One way to tackle the shortfall is a rise in public private partnerships (PPPs) and an increased role from the private sector in building roads, railways and power stations. And Lars Thunell, chief executive of the International Finance Corporation, the investment arm of the World Bank, hopes the tide is beginning to turn. Continue reading »
By Barbara Stocking of Oxfam
Jim Jong Kim will be aware that the World Bank is at a crossroads, and that he will need to steer it to a new mandate and fresh direction. Continue reading »
The World Bank on Monday chose Jim Yong Kim (pictured left), the US nominee, as its next president. While the decision was widely expected, many observers would consider that in choosing Kim rather than Ngozi Okonjo-Iweala, Nigeria’s finance minister, the world’s premier development institution has rejected the more qualified candidate.
In doing so, it has wasted an opportunity to show developing countries that it supports global meritocracy – not least for citizens of the emerging world. Continue reading »
There’s nothing Brazil’s finance minister loves more than a face-off between the ‘developed’ and ‘developing’ world. But Guido Mantega, the man who brought you the currency war, has kept relatively quiet on the question of the World Bank’s presidency. Until now.
After meeting the US nominee Jim Yong Kim on Thursday, Mantega said he was working on a proposal for the BRICS to jointly support one candidate. Continue reading »
By Arunma Oteh, director general of the Nigerian Securities and Exchange Commission
It is time for the US to relinquish its traditional hold on the World Bank’s presidency and, in cooperation with other World Bank shareholder governments, to open the job up to non-American candidates. The emerging world offers a first-class candidate in Nigerian finance minister Ngozi Okonjo-Iweala. Continue reading »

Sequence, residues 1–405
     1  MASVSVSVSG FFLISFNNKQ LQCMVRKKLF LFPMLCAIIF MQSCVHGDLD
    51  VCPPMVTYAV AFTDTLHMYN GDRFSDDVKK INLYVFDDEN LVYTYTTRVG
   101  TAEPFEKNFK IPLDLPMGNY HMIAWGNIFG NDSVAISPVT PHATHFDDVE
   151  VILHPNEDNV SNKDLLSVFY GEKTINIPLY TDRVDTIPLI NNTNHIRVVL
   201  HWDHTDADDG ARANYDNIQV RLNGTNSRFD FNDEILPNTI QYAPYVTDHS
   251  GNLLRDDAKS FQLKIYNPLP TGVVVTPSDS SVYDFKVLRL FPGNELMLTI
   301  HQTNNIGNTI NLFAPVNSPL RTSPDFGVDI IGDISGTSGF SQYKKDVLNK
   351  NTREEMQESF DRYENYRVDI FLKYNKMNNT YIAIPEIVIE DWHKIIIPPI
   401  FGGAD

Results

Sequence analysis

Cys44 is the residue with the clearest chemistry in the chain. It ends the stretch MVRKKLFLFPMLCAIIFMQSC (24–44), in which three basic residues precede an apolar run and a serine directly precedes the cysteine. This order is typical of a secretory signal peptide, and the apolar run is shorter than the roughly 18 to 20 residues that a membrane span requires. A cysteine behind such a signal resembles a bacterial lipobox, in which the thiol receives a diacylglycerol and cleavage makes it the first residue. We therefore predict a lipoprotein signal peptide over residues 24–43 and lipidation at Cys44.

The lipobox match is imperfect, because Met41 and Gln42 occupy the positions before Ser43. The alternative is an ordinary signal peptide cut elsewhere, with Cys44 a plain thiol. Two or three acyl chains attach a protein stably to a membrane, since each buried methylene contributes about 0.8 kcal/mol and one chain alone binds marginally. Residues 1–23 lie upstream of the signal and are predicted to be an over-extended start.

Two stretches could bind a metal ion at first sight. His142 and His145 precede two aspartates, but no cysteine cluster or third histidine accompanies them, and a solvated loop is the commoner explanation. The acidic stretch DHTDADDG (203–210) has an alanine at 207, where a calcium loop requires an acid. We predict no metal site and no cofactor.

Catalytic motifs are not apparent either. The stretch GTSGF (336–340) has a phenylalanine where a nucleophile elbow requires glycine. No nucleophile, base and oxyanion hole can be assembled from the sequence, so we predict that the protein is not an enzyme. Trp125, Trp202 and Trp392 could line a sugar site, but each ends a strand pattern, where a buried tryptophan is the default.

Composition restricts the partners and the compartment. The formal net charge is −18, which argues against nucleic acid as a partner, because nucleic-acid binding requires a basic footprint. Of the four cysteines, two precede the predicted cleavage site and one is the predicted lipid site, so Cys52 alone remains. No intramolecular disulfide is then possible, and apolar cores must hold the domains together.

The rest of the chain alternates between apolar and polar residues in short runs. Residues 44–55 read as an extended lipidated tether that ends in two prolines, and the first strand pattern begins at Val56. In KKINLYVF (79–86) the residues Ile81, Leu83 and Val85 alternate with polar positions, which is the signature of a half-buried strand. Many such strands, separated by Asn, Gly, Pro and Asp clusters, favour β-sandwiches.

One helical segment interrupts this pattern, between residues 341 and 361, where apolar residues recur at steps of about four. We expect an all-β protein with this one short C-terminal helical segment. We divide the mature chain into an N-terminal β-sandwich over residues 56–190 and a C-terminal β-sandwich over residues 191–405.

By Charles Okeahalam of AGH Capital
On most measures, the World Bank is the largest development finance institution. Its resources must be harnessed effectively at a time when the globe faces big long-term economic, social and enviromental challenges as well as the global financial crisis.
The implicit agreement in which the presidency of the World Bank is reserved for citizens of the United States therefore seems ludicrous. It is time to break with this out-dated tradition and choose the best-qualified candidate, irrespective of nationality. That candidate is the finance minister of Nigeria: Ngozi Okonjo-Iweala. Continue reading »
The Brics nations made the right noises at their summit on Thursday in New Delhi. They expressed concern about global economic imbalances, the flood of cheap money rushing out of the west and hitting the currency markets, and the slow pace of reform at the International Monetary Fund.
They also agreed to devote more time to a potentially-useful plan for a Brics-run development bank.
But they were far away from doing the one thing that would give their summit real clout – backing a common candidate for the World Bank presidency from the developing world, even though there is a first-class contender in the race, Nigerian finance minister Ngozi Okonjo-Iweala. Continue reading »